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Many Americans live in places where natural or man-made disasters can force them to evacuate on relatively short notice, and find somewhere else to stay for long enough to ride out some hazard. If that hazard destroyed their primary home, homeowners' or renters' insurance can help cover that situation. However, in the case where evacuation was seen as being the best option for preserving one's own health but where there is not significant damage to one's normal home or property there, the evacuee may still be stuck with all those costs of the evacuation, and a claim on homeowners or renters insurance may be viewed as infeasible due to the "small-dollar" aspect.

An example might be those living near wildfires in California, those living in flood/hurricane zones, those living near volcanoes predicted to erupt soon, or those affected but not killed by a nuclear event. A solar storm or cyber attack taking out utilities in a region might also prompt some to leave; an epidemic (in which it's easy to tell who's infected) might as well. Events like an earthquake, 9/11, or the 2016 Paris attacks might lead local area residents to leave temporarily until the dust settles and it can be verified that the area is safe to return to.

If an evacuee needed to fly somewhere to connect with family or other willing hosts, the flight ticket might be pricey last-minute fares. Hotels might also be relatively expensive when booked last-minute during high demand. (Potential destinations for evacuation could be specified in advance.)

There is a category of insurance (or at least insurance-like) products called "home warranties" which have much lower deductibles and lower typical claim amounts than homeowners insurance, intended for e.g. a major appliance breakdown, which provides better budget predictability and is helpful to many customers.

Is there a similar insurance product that covers the costs of evacuation from one's home location?
Travel insurance products that cover evacuation while on a trip away from home do not count as good answers to this question.

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    These are comments, which is why they aren't an Answer: (1) There was no such "cost of evacuation" insurance during Katrina. (2) "Most Americans cannot afford a surprise expense in the range of $500-$1000." That's why you need an Emergency Fund. – RonJohn Oct 15 '17 at 4:00
  • @RonJohn For (1) it could have existed even if most people affected by that storm hadn't purchased it. For (2) I agree that first statement is a significant problem, but clearly most people don't have that fund and might be willing to pay a fixed monthly amount to a risk-sharing pool (covering a particular set of risks). – WBT Oct 15 '17 at 4:07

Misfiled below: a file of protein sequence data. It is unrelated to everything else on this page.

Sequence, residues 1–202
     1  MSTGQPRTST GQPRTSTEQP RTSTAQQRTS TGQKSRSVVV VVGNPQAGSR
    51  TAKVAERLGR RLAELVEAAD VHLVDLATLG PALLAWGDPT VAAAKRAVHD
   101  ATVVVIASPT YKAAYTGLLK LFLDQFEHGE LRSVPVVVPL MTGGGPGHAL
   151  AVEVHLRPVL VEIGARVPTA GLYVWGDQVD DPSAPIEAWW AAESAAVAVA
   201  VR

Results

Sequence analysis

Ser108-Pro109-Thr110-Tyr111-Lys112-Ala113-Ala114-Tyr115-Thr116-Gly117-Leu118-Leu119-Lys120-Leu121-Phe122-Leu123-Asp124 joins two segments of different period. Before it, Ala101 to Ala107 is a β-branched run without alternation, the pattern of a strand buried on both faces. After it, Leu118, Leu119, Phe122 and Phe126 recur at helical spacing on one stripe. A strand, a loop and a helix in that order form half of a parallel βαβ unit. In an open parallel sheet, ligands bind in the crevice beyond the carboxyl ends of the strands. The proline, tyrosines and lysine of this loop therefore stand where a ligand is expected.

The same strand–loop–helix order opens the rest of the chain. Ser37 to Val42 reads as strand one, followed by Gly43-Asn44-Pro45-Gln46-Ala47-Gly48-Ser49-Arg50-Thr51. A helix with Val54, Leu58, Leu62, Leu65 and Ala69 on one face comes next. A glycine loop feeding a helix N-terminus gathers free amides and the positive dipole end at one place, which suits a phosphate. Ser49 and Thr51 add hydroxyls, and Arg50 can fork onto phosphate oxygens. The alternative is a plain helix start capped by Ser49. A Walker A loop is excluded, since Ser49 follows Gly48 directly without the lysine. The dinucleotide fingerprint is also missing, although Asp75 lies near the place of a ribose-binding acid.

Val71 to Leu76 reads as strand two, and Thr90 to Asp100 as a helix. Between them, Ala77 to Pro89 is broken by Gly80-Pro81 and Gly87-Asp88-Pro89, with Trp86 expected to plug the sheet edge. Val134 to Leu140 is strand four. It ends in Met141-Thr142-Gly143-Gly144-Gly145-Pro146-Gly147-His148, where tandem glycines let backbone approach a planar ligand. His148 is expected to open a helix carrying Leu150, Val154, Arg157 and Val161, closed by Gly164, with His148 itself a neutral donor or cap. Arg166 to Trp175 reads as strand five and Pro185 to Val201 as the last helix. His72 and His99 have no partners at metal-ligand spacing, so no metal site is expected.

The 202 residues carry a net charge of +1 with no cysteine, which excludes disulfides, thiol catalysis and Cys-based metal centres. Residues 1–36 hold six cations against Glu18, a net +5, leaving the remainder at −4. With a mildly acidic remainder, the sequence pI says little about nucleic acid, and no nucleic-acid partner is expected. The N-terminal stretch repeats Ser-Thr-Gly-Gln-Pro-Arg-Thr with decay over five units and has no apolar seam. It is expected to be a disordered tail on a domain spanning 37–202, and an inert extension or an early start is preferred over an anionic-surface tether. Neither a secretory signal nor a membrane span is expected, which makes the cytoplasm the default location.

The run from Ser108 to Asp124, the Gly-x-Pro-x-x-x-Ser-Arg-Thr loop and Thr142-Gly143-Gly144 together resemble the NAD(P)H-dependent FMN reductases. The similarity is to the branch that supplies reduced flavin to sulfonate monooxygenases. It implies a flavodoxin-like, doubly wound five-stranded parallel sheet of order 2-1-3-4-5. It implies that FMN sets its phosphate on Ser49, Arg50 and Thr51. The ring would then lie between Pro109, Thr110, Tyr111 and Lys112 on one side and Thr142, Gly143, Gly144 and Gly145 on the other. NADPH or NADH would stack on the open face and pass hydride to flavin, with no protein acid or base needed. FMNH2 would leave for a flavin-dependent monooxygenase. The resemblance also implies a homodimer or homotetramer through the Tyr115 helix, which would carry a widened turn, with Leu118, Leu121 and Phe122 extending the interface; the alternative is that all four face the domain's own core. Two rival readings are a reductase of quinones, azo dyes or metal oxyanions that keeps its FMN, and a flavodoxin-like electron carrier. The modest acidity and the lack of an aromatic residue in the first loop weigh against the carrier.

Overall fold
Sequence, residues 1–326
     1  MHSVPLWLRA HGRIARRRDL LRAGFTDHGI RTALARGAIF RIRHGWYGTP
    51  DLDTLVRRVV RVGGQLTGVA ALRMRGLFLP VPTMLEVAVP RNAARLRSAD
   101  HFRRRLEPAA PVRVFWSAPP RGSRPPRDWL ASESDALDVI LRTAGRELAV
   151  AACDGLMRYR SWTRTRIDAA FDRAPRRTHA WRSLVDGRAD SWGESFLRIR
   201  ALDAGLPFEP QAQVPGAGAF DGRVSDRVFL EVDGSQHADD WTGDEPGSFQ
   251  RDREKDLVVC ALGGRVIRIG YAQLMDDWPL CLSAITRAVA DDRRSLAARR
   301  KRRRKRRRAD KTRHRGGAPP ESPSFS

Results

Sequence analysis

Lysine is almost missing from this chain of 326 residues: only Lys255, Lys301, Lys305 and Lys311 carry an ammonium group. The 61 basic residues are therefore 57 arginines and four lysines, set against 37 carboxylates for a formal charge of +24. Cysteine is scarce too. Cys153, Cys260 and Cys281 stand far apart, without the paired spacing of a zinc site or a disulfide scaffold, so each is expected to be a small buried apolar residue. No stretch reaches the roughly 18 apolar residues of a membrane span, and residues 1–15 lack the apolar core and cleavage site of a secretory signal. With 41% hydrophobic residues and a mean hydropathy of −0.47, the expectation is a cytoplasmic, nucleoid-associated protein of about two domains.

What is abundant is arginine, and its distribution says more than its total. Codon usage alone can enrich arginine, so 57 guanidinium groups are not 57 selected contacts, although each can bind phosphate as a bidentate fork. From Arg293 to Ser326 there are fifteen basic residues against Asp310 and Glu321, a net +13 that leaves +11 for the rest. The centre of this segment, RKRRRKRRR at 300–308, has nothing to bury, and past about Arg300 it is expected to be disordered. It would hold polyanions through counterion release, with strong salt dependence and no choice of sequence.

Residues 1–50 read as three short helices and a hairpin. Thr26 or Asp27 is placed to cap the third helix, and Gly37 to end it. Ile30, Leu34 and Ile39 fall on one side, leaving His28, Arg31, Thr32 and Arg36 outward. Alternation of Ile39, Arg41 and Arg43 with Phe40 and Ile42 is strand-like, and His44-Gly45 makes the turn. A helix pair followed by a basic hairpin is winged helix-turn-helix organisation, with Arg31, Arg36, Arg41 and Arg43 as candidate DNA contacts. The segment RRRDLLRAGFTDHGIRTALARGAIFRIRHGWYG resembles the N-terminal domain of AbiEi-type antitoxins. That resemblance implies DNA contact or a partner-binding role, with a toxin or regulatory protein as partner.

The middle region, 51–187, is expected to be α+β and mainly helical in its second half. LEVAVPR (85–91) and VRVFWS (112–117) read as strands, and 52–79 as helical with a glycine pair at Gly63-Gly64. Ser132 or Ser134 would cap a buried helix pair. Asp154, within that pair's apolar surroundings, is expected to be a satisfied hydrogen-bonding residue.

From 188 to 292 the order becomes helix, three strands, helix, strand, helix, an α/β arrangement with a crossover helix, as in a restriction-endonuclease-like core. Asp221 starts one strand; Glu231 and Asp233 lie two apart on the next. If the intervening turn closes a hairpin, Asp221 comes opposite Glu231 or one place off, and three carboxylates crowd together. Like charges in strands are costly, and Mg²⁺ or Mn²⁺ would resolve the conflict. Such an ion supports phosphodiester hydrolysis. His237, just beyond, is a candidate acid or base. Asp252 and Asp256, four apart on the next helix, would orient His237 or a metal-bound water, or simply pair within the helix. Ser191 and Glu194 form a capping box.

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    People who can’t afford a few hundred dollars in an emergency are unlikely to spend a few tens of dollars just in case of an unlikely emergency. What is needed is a system where the government handles it, to avoid most of the money going on marketing and admin costs, and so that richer people pay more and poor people pay less. You could call it “tax”. – Mike Scott Oct 15 '17 at 7:02
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    You can insure almost anything, at a cost. I don't think it'd fly as a commercial product, though, for much the same reason that most Americans "can't afford" that unexpected expense. It's not that most couldn't, it's that they CHOOSE to live in such a manner that they can't afford surprise expenses, preferring to spend their money as soon as (or even before) they get it. So it seems unlikely that many would be interested in evacuation insurance. – jamesqf Oct 15 '17 at 18:05
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    @MikeScott why don't we just let the government handle everything? No need for individuals to have any responsibility at all!!!! – RonJohn Oct 16 '17 at 13:52
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I cannot find specific insurance that can be purchased individually to cover an evacuation, but there are provisions in some homeowner's and renter's policies that will cover evacuation-related expenses. Unfortunately, the policies are written vaguely with regards to what may or may not be covered. You should check with your current provider to see, before you need it, if you might be reimbursed.